The effort of having to do so may also have you thinking twice about ordering it in the first place.
14 Small bottles of water to big ones
We know the importance of hydration but if you're paying €1.20 for a bottle of water each day, it's an expensive healthy habit and it's bad for the environment.
If you have a water cooler at work, use that to refill and if not, buy large bottles of water in the supermarket and refill your small bottle with those. Just don't keep using the same small bottle endlessly. It can be a breeding ground for bacteria so wash thoroughly between refills.
15 Readymade meals to slow cooked ones
Cost effective slow cookers only use the same amount of energy as a lightbulb and they also allow you to use cheaper ingredients like lamb shanks and chicken thighs, which benefit from long hours of cooking.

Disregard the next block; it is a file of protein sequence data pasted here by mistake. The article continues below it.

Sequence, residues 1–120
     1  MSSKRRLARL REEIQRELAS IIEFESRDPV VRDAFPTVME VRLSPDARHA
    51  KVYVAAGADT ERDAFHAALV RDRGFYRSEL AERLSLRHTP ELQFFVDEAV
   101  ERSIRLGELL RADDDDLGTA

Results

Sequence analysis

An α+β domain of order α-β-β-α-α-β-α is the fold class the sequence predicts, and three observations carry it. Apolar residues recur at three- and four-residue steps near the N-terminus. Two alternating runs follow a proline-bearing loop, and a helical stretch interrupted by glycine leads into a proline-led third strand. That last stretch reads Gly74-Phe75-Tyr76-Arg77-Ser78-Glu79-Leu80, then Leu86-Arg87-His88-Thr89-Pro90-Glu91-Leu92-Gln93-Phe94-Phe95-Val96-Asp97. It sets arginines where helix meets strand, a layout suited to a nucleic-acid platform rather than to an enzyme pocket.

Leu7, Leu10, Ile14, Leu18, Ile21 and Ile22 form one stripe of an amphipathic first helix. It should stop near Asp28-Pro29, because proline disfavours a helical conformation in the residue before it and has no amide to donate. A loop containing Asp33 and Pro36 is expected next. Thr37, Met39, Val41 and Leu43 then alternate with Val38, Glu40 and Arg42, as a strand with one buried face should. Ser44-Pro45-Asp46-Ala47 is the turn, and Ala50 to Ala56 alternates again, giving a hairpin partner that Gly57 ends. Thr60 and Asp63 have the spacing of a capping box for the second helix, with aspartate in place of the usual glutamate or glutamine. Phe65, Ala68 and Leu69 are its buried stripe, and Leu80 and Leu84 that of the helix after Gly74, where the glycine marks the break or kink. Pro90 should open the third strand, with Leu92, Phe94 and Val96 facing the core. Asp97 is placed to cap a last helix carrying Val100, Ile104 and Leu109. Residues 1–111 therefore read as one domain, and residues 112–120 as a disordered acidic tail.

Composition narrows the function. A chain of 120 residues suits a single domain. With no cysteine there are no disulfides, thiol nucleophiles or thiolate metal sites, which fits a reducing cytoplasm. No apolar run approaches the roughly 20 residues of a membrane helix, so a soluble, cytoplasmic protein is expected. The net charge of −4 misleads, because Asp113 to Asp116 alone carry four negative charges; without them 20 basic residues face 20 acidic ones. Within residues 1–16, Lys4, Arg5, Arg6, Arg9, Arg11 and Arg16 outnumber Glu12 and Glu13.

Some prep work is required the night before but the overall money savings are impressive, especially considering you can pick up a slow cooker from Argos for under €30.
16 From the treadmill to outdoor running
Quite simply, running is one of the cheapest activities you can do to get fit because all that's needed is a good pair of trainers. Running outdoors is a lot more interesting and varied than the monotony of a treadmill, plus it's a nice dose of escapism away from the demands of a computer.
17 Gym membership to pay-as-you-go
If you've already ponied up this year's fees, there's not much you can do about that. If you haven't however, there are some ways around expensive gym memberships.
Avail of the free trials that many gyms offer and don't select one until you really feel that it's a good fit for you.
If your gym attendance is more aspirational than actual, look at ones that are pay-as-you-go (Dublin City Council's eight public gyms all have this option) whereby you only pay for what you actually use.
18 Household cleaner to vinegar
Why shell out for cleaning products when there's a natural and effective alternative? Mix one part vinegar (plain white is best) to one part water and this can be used as a disinfectant in kitchens and bathrooms; to clean windows without smears; to get a shine on wood and to prevent mildew when sprayed on shower walls and curtains.